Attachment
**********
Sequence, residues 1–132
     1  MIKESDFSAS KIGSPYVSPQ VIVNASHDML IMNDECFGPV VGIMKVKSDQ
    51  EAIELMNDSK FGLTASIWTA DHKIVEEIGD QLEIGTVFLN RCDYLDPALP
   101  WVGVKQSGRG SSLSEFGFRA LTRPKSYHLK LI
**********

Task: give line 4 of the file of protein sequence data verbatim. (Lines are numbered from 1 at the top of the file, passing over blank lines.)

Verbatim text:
   101  WVGVKQSGRG SSLSEFGFRA LTRPKSYHLK LI